Review: A laugh a minute at ‘The Mystery of Irma Vep’
Oh, the unspeakable horror! The terrifying monsters! The evil that will have you laughing for two hours as you watch the comedy “The Mystery of Irma Vep” at Lee St. theatre.
Starring two hilarious actors, Jacob Brayton and Matt Carlson, in numerous roles, the play is a send-up of the good old horror movies featuring Dracula and the Wolf-Man, with a little Frankenstein thrown in for good measure.
Playwright Charles Ludlum has fun with all the cliches of horror and the silliness of two men in multiple roles, many of which are women.
Brayton and Carlson have incredible energy in the play and must be totally exhausted by the end. The costume changes alone are enough to make an actor weep.
But they know how to milk it for laughs, with poses, facial expressions and little flourishes that exaggerate their characters to the high level of farce.
Plot? Well, it’s serpentine, to say the least. It’s like trying to find an unopened tomb in the Valley of the Kings. Wait, it’s just like that because that’s part of the story, too.
OK, where to start? Lord Edgar Hillcrest lives in a manor on the Scottish moors, Mandacrest, with his second wife, a housekeeper and a dull farm hand. And assorted monsters and ghosts, not limited to his late first wife.
Lady Enid, the second wife, is a former actress who knows how to ham up a scene. One of the funniest bits in the play is Carlson, as Lady Enid, and Brayton, as Lord Edgar, simply speaking each other’s names over and over as they do a flirtatious dance of sorts. “Enid.” “Edgar.” “EEEnid.” “EDDDgarr.” Etc.
Carlson plays the dull farm hand, Nicodemus, with a shock of black hair and a wooden leg, as a dullard who happens to quote Shakespeare. He’s in love with Jane, the housekeeper, played by Brayton. Jane is a crafty minx, feeding the terrors of Lady Enid, rebuffing Nicodemus and longing for Lord Edgar.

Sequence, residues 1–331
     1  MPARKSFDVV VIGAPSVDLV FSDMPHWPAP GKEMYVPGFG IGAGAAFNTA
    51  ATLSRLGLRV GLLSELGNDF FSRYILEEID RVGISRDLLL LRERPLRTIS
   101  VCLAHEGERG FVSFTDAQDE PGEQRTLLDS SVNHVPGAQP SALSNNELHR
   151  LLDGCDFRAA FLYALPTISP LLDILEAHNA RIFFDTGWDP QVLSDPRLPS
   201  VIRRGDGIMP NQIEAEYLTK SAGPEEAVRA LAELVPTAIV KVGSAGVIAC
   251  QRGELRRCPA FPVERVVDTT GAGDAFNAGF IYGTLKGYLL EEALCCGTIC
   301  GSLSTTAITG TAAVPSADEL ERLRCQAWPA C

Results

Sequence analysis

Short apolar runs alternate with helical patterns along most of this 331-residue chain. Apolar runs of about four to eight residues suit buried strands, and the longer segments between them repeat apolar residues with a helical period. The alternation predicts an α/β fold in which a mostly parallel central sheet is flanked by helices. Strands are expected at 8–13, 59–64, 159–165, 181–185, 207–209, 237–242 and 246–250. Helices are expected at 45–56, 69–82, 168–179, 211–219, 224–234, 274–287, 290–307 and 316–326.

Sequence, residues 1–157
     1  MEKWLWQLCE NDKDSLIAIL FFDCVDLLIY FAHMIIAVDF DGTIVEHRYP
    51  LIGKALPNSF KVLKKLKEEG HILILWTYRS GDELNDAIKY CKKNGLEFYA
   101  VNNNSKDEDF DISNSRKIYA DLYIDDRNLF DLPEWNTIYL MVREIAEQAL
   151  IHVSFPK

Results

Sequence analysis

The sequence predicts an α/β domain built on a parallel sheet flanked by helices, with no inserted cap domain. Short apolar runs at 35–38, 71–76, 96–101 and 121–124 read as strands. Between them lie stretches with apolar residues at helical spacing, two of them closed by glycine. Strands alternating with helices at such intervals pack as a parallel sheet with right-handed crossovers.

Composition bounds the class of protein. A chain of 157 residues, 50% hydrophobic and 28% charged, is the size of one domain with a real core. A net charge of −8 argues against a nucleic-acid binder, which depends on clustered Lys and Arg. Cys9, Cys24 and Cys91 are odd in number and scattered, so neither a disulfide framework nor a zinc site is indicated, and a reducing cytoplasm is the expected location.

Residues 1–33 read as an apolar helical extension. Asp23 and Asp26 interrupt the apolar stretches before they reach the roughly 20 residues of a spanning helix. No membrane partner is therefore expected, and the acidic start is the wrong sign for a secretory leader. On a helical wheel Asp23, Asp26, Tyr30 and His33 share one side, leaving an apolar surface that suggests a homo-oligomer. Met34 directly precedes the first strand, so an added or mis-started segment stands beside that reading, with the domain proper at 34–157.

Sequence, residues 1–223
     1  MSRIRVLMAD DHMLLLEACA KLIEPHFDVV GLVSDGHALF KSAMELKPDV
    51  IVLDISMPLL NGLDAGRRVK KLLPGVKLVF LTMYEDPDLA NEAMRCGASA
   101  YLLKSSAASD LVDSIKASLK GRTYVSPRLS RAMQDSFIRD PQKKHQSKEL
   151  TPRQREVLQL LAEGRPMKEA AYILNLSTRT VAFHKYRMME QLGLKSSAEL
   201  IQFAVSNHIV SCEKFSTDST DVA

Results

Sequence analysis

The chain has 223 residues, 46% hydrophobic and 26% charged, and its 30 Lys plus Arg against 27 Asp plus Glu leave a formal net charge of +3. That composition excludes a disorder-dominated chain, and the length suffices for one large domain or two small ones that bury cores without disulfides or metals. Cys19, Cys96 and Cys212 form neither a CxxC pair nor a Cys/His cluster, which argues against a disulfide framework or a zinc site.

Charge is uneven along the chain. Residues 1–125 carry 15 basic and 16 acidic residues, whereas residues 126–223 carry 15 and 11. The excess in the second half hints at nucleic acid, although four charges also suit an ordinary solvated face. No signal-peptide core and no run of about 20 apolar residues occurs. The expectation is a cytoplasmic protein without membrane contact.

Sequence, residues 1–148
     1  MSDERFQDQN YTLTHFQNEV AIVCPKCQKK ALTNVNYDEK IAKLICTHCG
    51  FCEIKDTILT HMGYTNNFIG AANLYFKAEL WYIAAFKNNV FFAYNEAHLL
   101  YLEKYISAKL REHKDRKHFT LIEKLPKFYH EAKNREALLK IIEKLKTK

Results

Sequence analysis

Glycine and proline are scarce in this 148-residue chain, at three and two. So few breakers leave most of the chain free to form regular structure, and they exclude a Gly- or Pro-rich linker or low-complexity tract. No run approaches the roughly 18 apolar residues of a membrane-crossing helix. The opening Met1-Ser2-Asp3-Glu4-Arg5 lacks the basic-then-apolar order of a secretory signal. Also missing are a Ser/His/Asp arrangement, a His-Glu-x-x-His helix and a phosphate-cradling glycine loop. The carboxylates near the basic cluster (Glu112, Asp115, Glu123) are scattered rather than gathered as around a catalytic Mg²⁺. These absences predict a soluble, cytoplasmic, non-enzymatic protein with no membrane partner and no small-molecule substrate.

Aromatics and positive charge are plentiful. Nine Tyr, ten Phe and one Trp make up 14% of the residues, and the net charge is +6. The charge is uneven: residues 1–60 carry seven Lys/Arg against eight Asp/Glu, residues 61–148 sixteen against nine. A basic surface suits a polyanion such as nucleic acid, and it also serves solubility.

In fact, there’s a lot of lines from Shakespeare in the play, and a little Edgar Allan Poe thrown in, too. You might have to see the performance twice just to catch all the references.
As the two actors whirl in and out of costume backstage, donning wigs, dresses, fake bosoms and monster gear, it’s a wonder no one comes out wrong on stage. Another funny bit involves Jane winking and gesturing to Lady Enid why Nicodemus can’t come speak to her.
There are so many funny moments, from the lines to the physical comedy to the droll references, that you will be laughing almost the whole time. The sponsor’s night audience was laughing, groaning, clapping, having almost as much fun as the actors.
Craig Kolkebeck, Lee Street’s artistic director, directed this comedy, which is not something he usually does. He’s more interested in plays with serious themes, but he brings out the best with these two. Kate Mishler, guest scenic artist, and Rod Oden, production designer, have created a campy but atmospheric set, full of surprises.
The lighting, too, creates a certain feeling, as does the occasional mist from the moors. Be sure to check out Mark Stephenson’s work on the portraits of the ladies of Mandacrest.
It’s a thoroughly enjoyable evening. Make sure to take your seat early so you can see the previews of horror movies from the ’30s, ’40s and ’50s. That will get you in the proper mood. If you stay in the theater during intermission, you can also enjoy some classic 1980s music, including “King Tut.” Lord Edgar is, after all, an Egyptologist.
“The Mystery of Irma Vep” (think about that name for a while) continues at 7:30 p.m. through Saturday and Jan. 24-26 at Lee St. theatre, 329 N. Lee St.
Tickets are available at www.LeeStreet.org or by calling 704-310-5507.
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